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Mario Bautista, has been with the entertainment industry for more than 4 decades. He writes regular columns for People's Journal and Malaya.

Nov 21, 2021



WE WERE in college when Frank Herbert’s novel, “Dune”, hit it big. We’re not really a fan of fantasy sci-fi literature, but we tried to read it and the first thing we notice is that it has a very long glossary list of terms invented by Herbert to build up his own world in his book. 

We are introduced to the planets Arrakis and Caladan, the House Harkonnen, the Fremen fighters, the Bene Gesserit sisterhood, Padisham Emperor Shaddam Corrino, etc. etc. You have to familiarize yourself with them for you to be able to understand what’s happening. 

It became a hit series of books with a loyal following, but we quickly realized we didn’t have the patience for this and gave it up.

We remember the novels we liked at around that time were “The Comedians” by Graham Greene, “Midnight Cowboy” by James Leo Herlihy and the potboiler “Airport” by Arthur Hailey that all became big movies, with “Midnight Cowboy” even winning Oscars for best pic and best director. 

But George Lucas admits that it is Herbert’s “Dune” that gave him the inspiration for him to do his own world-building “a long time ago in a galaxy far, far away” in “Star Wars”, which really became a very lucrative blockbuster 12-movie franchise with hit spin offs even on television.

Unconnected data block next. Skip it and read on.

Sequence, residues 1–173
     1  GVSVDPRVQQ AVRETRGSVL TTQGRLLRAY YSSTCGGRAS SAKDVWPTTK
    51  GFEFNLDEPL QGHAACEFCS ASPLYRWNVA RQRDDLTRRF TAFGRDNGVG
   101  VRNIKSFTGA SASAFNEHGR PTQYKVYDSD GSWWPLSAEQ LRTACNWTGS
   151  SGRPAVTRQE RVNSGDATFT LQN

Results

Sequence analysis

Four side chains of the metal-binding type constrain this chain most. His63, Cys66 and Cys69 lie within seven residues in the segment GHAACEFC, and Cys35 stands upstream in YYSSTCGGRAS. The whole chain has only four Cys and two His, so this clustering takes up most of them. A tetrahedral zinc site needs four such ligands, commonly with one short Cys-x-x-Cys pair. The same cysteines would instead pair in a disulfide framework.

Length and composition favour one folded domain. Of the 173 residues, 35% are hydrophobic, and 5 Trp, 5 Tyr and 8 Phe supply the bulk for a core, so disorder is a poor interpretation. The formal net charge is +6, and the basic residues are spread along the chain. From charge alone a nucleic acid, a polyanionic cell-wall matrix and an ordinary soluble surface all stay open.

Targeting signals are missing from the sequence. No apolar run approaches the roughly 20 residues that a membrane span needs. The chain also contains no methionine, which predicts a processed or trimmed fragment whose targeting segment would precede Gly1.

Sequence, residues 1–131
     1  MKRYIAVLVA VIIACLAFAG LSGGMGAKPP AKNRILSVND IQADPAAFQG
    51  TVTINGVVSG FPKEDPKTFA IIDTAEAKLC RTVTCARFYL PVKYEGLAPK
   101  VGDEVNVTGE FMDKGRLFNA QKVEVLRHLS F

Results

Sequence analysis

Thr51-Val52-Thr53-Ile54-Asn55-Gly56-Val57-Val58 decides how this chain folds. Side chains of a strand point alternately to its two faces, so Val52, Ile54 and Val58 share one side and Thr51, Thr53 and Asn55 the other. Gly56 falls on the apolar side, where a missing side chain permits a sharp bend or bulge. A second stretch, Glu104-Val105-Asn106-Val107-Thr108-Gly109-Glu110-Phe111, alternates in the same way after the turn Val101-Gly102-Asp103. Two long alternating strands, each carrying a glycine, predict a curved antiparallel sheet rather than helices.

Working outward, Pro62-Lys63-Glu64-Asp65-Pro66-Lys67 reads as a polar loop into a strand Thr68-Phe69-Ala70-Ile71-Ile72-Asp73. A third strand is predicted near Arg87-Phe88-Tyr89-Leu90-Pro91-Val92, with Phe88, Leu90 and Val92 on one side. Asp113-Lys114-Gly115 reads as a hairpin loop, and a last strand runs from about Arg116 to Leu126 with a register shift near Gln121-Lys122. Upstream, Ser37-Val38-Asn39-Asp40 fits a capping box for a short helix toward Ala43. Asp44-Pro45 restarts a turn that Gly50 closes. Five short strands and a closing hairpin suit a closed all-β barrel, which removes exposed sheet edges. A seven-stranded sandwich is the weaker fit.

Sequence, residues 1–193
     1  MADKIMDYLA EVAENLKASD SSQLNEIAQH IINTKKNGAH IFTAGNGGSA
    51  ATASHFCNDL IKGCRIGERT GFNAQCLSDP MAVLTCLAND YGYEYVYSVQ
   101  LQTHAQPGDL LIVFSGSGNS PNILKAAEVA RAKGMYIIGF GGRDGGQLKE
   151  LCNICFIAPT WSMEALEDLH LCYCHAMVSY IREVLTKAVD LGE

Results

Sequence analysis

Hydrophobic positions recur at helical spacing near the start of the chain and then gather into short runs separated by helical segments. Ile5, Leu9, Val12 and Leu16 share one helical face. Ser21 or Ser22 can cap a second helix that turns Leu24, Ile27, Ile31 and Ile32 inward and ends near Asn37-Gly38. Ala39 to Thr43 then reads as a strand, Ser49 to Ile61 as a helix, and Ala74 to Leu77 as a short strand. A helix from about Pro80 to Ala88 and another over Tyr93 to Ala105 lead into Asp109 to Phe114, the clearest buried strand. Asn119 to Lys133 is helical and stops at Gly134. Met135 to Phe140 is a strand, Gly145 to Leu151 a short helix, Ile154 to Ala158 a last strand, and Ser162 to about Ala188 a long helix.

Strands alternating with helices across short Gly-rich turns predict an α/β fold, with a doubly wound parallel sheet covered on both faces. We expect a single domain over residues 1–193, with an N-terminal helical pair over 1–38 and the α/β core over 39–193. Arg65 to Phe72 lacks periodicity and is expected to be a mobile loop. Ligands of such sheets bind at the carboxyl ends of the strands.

“Dune” was first filmed in 1984 by David Lynch, who gained fame for his first movie, “Eraserhead, introducing Kyle MacLachlan as the lead character, Paul Atreides.  But “Dune” was vehemently vilified by both critics and fans of the novel for the changes he made. 

There was also a 3-part TV series made in 2000, titled “Frank Herbert’s Dune”, starring Alec Newman as Paul. It did well, so it even had a sequel, “Children of Dune”, in 2003 with Newman reprising his role. 

Now comes a new big screen version directed by Denis Villeneuve, who has directed such sci-films as “Arrival” and “Blade Runner 2049”. 

It has a star-studded cast led by Oscar winner Javier Bardem, Rebecca Ferguson, Stellan Skarsgard, Jason Momoa, Dave Bautista, Charlotte Rampling, among others. 

It’s now showing in local theaters and is the first of a projected 2-part film adaptation of Herbert’s book. So the first thing you’d notice is that the film is really so “bitin” and has no ending. You have to wait for Part 2 to complete it and it’s expected to come in 2023.

Set in the very distant future of the year 10121, the story is narrated by Chani (Zendaya), a native girl.  But the lead character is Paul Atreides (Timothee Chalamet), the son of Lady Jessica (Rebecca Ferguson) who is born with messianic powers. 

His dad is Duke Leto (Oscar Isaac) of the House Atreides who was given the stewardship of the planet Arrakis, not knowing it’s actually a mere ploy to eradicate his house as he is a threat to the current emperor, Shaddam, who remains unseen.